Episode one ends with their new house burning to the ground, which is when you think to yourself, “Surely this can’t get any more miserable.” And you’re right. This is the point at which the drama taps out and decides it’s had enough of realism for a while. Because our entire family get to live in the town aquarium! Yay! It’s got an old arcade machine to play in and they even get a stray penguin to look after. Apparently, someone overlooked it when they moved out a few months earlier and it’s just been surviving. Somehow.

The rest of the episode is then more of the same cloying, vomitous silliness, cut between more scenes of Williamson being bitchy – although there’s an ‘origin story’ for that, which the entire family will Have to Deal With. It’s a Very Important Secret. And a miserable one.

Implausibly, in his new job, Baldwin is ‘too technical’, which apparently is a synonym for ‘sociopath’ (good job he’s on Xanax, hey?) and ‘lacking in empathy’, so despite the fact he’s told from the beginning that he only has a team of volunteers to work with, he proceeds to run them through Marine Corps training drills. Guess what life lesson he needs to learn by the end of the episode.

If you guessed ‘to drink the milk of human kindness and become a better man and father’, you’ve watched a clichéd family drama about redemption before, I’m betting.

William Baldwin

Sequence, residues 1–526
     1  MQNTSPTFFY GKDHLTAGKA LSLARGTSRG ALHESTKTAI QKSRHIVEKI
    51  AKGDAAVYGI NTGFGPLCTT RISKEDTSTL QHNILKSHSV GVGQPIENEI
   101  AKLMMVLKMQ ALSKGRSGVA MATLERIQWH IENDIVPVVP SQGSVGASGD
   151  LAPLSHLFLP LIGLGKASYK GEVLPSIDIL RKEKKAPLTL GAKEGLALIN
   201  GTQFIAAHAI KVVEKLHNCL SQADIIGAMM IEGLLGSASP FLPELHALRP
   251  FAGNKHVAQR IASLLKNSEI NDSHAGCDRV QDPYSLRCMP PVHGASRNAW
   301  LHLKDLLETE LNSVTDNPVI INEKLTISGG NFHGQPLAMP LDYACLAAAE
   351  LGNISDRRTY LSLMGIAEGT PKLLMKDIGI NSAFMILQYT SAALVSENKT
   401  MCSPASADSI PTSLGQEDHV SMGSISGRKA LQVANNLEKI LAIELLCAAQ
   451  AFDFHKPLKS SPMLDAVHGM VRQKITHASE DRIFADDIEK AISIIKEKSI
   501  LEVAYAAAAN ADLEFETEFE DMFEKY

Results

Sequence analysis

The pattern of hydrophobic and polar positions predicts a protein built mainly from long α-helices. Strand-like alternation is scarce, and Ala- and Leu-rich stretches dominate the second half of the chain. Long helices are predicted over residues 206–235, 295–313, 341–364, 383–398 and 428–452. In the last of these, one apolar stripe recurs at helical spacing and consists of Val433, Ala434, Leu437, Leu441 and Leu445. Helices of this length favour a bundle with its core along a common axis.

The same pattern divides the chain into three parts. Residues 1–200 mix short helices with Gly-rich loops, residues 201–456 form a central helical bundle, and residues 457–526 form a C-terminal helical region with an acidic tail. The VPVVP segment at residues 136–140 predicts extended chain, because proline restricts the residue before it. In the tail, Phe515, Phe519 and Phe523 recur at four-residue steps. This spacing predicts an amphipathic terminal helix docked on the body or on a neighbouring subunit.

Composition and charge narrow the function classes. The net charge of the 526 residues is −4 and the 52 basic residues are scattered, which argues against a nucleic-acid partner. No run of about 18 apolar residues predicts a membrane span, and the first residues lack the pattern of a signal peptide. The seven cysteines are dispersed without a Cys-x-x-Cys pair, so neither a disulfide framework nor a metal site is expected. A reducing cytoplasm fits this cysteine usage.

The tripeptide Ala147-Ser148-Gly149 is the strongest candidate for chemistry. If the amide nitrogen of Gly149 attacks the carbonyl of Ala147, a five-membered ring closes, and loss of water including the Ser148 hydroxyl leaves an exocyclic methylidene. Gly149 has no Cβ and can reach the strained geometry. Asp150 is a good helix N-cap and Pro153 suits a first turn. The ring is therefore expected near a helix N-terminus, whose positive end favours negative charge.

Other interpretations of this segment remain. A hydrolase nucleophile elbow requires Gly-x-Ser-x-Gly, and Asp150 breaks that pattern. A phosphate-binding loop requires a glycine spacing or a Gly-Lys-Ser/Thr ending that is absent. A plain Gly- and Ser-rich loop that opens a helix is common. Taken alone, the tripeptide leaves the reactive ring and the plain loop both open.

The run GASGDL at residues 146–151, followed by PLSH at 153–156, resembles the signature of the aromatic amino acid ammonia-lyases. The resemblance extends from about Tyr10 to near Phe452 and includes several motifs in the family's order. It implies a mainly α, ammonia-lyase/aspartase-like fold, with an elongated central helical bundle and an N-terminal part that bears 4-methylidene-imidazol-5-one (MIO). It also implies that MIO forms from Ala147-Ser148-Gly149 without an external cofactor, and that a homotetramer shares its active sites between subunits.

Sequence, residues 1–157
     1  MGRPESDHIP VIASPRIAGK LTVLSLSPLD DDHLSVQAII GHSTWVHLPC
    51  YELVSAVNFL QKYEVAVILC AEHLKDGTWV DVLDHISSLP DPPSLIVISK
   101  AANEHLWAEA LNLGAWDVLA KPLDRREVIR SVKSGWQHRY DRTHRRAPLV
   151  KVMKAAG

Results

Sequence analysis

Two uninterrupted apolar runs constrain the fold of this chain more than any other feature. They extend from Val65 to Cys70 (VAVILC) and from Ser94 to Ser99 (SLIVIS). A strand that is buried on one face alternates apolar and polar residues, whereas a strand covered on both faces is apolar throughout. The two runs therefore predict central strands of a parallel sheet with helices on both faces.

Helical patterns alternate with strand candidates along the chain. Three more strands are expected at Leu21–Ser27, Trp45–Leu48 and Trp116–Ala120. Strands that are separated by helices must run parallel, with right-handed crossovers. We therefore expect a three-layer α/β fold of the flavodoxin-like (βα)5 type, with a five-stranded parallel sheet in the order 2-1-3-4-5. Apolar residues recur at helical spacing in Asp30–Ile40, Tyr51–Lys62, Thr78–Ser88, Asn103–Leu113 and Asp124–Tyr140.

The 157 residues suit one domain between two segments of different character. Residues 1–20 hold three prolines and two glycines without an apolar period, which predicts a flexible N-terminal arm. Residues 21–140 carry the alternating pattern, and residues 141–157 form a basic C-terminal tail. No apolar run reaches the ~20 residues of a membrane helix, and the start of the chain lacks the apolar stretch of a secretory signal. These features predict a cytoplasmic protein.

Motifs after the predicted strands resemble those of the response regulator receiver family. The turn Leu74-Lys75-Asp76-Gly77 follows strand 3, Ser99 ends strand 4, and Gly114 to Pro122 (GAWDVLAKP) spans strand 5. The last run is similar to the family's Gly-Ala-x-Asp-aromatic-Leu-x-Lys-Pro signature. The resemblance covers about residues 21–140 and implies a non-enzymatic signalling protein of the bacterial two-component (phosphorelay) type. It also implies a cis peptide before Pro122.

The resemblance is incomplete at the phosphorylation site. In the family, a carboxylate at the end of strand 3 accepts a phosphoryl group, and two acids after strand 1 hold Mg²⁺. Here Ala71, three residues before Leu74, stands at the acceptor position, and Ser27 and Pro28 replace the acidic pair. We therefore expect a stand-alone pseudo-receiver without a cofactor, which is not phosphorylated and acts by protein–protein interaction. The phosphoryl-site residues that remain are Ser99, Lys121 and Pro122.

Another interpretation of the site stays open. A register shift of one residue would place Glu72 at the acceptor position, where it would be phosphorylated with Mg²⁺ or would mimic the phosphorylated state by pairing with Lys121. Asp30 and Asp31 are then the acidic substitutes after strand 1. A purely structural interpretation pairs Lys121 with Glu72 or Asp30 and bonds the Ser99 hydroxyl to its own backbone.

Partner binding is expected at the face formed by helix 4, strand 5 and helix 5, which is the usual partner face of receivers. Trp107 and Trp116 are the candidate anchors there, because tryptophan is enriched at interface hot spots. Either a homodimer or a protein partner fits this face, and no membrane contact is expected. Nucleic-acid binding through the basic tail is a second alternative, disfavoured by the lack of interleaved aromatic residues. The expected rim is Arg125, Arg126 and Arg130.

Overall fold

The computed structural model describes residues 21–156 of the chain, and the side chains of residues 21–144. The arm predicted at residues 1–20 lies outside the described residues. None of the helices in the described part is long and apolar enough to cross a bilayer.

Episode one does at least have some moving moments, but it’s a real plod, nevertheless. I did begin to hope that random meteor strikes would take out the whole ungrateful family, leaving the typically excellent Robertson to realise what a close call she nearly had.

Episode two is a more enjoyable affair, but so far from reality, it made me suspect it was actually a short story written by 800 words‘ columnist hero as a satire of family dramas. Certainly, having Baldwin wobble around the training course while his 20-year-junior, buff man-god second in command supposedly flags 20 seconds behind him could only be taken to be the work of a Charlie Brooker-esque TV critic, rather than a sane TV writer.

But any more than that and I’d have begun to wonder if I was actually the bearer of the One Ring, so simply for my mental health, I’ve had to give up on Northern Rescue. I really wouldn’t advise letting it get that bad with you.


  • I’m Rob Buckley, a journalist who writes for UK media magazines that most people have never heard of although you might have heard me on the podcast Lockdown Land or Radio 5 Live’s Saturday Edition or Afternoon Edition. I’ve edited Dreamwatch, Sprocket and Cambridge Film Festival Daily; been technical editor for TV producers magazine Televisual; reviewed films for the short-lived newspaper Cambridge Insider; written features for the even shorter-lived newspaper Soho Independent; and was regularly sarcastic about television on the blink-and-you-missed-it “web site for urban hedonists” The Tribe. Since going freelance, I've contributed to the likes of Broadcast, Total Content + Media, Action TV, Off The Telly, Action Network, TV Scoop and The Custard TV.